The zebrafish is an outstanding model for studying vascular biology in vivo. Pericytes and vascular smooth muscle cells can be imaged as they associate with vessels and provide stability and integrity to the vasculature. In zebrafish, pericytes associate with the cerebral and trunk vasculature on the second day of development, as assayed by pdgfrβ and notch3 markers. In the head, cerebral pericytes are neural crest derived, except for the pericytes of the hindbrain vasculature, which are mesoderm derived. Similar to the hindbrain, pericytes on the trunk vasculature are also mesoderm derived. Regardless of their location, pericyte development depends on a complex interaction between blood flow and signalling pathways, such as Notch, SONIC HEDGEHOG and BMP signalling, all of which positively regulate pericyte numbers.Pericyte numbers rapidly increase as development proceeds in order to stabilize both the blood-brain barrier and the vasculature and hence, prevent haemorrhage. Consequently, compromised pericyte development results in compromised vascular integrity, which then evolves into detrimental pathologies. Some of these pathologies have been modelled in zebrafish by inducing mutations in the notch3, foxc1 and foxf2 genes. These zebrafish models provide insights into the mechanisms of disease as associated with pericyte biology. Going forward, these models may be key contributors in elucidating the role of vascular mural cells in regulating vessel diameter and hence, blood flow.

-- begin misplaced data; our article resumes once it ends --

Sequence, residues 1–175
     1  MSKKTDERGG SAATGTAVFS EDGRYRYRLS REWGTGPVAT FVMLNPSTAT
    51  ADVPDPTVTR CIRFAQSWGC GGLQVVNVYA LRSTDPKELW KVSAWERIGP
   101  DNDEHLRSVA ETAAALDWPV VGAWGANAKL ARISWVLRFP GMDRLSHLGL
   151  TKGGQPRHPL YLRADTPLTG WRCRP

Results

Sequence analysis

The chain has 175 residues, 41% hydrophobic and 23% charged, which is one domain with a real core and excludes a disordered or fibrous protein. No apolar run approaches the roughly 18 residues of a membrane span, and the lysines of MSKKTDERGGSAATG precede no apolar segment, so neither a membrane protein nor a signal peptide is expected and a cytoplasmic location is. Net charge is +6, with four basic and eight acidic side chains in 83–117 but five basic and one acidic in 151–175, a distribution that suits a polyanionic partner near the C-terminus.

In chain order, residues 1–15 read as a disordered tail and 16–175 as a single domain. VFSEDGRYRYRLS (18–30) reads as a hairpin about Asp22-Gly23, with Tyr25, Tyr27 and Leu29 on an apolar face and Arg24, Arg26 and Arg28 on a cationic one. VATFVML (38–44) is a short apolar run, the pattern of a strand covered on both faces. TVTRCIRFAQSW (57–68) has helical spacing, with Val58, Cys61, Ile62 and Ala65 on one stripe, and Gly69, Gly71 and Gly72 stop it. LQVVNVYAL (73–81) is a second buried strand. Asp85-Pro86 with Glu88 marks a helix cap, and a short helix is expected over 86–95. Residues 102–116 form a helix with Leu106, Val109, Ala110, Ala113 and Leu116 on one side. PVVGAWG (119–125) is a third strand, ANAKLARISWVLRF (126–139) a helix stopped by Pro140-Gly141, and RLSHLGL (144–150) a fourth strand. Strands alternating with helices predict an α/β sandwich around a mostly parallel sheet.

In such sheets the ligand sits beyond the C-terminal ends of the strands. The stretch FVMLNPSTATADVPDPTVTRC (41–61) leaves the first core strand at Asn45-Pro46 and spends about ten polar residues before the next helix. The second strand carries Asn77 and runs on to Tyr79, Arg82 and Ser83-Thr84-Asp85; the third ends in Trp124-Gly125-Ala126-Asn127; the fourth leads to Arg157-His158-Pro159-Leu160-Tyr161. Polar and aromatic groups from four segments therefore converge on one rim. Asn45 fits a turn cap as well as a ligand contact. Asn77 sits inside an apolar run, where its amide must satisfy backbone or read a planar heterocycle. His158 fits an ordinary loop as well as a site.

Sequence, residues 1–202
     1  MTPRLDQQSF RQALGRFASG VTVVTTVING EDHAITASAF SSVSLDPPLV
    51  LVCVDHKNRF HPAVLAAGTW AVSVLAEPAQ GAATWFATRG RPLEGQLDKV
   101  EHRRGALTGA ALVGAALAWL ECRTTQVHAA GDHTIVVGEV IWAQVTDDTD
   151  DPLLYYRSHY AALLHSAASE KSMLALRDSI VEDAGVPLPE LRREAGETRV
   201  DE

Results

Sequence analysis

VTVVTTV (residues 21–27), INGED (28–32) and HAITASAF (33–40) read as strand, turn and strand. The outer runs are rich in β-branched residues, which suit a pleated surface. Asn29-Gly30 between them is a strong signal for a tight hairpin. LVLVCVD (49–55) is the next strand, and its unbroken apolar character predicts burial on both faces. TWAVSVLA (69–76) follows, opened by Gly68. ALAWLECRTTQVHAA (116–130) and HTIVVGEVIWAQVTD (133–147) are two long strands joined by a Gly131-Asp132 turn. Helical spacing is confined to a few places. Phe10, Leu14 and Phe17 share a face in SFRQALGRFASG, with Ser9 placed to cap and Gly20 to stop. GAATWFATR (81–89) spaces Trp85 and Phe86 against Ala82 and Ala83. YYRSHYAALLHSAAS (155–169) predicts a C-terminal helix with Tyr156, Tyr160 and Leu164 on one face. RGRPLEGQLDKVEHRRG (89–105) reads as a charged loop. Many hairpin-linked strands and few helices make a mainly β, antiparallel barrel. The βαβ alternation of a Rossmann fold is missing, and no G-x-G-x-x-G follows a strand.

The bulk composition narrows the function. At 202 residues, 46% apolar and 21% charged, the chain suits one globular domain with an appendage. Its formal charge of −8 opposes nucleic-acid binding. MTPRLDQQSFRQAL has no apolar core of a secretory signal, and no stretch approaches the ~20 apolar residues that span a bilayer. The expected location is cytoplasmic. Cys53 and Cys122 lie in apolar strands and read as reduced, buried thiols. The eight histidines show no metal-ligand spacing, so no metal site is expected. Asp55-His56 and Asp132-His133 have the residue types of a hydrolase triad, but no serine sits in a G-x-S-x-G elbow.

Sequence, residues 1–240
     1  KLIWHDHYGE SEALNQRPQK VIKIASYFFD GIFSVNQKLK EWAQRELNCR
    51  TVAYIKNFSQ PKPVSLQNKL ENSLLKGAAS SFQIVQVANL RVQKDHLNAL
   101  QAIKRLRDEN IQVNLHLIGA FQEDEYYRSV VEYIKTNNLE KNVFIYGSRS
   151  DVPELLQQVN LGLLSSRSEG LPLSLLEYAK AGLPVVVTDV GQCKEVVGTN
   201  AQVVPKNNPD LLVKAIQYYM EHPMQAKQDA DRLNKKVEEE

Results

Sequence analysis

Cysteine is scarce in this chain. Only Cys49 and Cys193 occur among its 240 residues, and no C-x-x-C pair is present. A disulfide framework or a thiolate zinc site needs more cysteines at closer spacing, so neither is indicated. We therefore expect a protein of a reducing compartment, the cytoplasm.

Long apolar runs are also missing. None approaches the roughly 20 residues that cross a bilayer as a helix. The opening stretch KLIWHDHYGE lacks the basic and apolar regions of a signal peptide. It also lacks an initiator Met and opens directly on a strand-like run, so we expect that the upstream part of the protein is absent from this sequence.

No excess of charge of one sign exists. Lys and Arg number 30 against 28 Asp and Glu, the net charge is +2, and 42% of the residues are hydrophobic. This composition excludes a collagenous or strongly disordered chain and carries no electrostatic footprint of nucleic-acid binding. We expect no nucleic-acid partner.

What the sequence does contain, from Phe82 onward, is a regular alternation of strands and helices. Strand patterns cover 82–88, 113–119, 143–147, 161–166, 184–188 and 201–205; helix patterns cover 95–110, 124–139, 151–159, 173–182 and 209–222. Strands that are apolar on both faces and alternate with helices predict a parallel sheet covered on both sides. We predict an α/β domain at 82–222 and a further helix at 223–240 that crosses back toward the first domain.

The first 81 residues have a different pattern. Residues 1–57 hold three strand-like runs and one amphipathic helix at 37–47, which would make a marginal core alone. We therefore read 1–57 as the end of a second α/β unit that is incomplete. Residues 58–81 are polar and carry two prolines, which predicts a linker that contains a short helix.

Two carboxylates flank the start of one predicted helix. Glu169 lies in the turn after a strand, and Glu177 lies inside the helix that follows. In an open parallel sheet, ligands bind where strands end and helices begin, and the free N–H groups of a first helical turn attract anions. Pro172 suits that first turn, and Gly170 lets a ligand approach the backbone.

Keywords: Mesoderm; Neural crest; Pericytes; Sclerotome; Vascular smooth muscle cells; Zebrafish; acta2; notch3; pdgfrb; tagln.